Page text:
getting past passive

Today’s my birthday, and I’ll get to that, but first I want to talk about passive verbs.

You remember passive verbs! They’re the ones your English teachers abhorred and your physics labs demanded. Whereas the active verb has the subject doing something (i.e. “I snarfed the Oreos”*), the passive verb has the subject having something done to it (i.e., “The Oreos were snarfed”).

In every language that I’ve studied–which isn’t a huge number, but it’s non-singular–there is one verb that always takes a passive form. In French, it was one of the ones you learn after you’ve got the basics of the passé composé down, and you have to remember to conjugate it with être: je suis née. In Latin, as always, it’s one conveniently compact word with a wealth of information jammed into a few letters of morphological difference, and the reason you’re always chanting hodie Christus natus est around this time of year. In English, well, try this: tell your life story from the very beginning. Just like that, your English teacher recoils instinctively, because the first thing out of your mouth is going to be a passive verb!

I was born!

It sort of goes without saying that, duh, you don’t bear yourself into life. But grammatical voice doesn’t always align with the absolute truth of an action: cf. “this article reads like a novel” (articles are read, but they can’t do it themselves) or “sex sells” (true, but someone else is doing the selling). And I know, I’m supposed to be over metaphors! And this is boring and technical! And no one cares about grammar but me, anyway!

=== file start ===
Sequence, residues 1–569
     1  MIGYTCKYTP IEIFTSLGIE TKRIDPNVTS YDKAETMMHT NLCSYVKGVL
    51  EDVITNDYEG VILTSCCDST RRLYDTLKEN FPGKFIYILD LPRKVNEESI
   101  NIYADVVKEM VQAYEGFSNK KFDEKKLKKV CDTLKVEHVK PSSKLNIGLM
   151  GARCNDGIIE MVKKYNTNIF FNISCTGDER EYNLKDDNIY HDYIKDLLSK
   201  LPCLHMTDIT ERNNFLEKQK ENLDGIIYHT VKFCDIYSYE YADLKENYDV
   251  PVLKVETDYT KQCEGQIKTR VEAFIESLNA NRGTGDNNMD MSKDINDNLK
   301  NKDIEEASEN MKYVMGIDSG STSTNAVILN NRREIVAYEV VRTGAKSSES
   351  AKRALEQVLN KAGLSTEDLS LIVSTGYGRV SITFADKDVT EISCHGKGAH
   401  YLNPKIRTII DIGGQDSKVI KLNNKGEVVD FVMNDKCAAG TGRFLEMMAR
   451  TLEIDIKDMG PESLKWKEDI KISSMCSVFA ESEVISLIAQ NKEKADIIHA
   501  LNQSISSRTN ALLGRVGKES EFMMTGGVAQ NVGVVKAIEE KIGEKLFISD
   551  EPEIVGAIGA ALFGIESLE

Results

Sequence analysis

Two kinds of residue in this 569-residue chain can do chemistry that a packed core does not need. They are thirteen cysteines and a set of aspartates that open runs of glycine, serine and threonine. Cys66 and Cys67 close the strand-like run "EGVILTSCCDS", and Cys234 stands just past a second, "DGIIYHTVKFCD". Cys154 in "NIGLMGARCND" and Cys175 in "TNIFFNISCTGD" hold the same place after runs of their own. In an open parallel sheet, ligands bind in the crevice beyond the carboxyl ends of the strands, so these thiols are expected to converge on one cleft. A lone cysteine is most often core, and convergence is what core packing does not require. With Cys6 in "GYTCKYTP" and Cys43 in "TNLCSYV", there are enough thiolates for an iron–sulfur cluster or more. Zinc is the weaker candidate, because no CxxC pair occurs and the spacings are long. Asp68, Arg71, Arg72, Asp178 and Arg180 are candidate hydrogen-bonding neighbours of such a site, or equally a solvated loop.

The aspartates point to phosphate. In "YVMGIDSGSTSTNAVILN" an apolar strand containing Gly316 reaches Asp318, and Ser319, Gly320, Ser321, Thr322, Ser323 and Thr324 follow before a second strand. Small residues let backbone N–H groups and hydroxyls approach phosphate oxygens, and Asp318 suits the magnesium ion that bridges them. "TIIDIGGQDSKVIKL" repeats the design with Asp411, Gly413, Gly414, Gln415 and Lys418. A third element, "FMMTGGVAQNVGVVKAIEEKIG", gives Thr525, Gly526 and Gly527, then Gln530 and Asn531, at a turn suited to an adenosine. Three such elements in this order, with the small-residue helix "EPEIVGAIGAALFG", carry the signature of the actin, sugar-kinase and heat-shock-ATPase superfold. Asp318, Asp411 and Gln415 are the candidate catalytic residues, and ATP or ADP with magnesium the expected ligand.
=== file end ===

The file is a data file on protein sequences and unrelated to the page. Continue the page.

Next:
I could excuse myself for being selfish since I’m the Birthday Girl, but that’s just the point: I didn’t do anything to deserve such dispensation. I was–just–born.

As far as I’m concerned, there is no way to talk about the start your life off except to place yourself, grammatically and literally, at the mercy of some greater active force. It could be your mother, or your father, or their mothers and their fathers, or the doctor yanking you out, or forces conspiring against you or the universe going inside out for the only time in your whole life. Whatever it is: it’s cool.

Whatever the greater significance of the passive verb, there’s one thing that’s for sure: an acted-upon subject requires an acting-upon agent. Whatever the circumstances, the subject is not alone. You were squeezed out into this world with inky little feet, and only after that first irresistable action do you get to tramp out a story everywhere you go.

You were not born by yourself, not in any sense. Be made happy.

*Example borrowed from Laurie Halse Anderson’s Speak, of course

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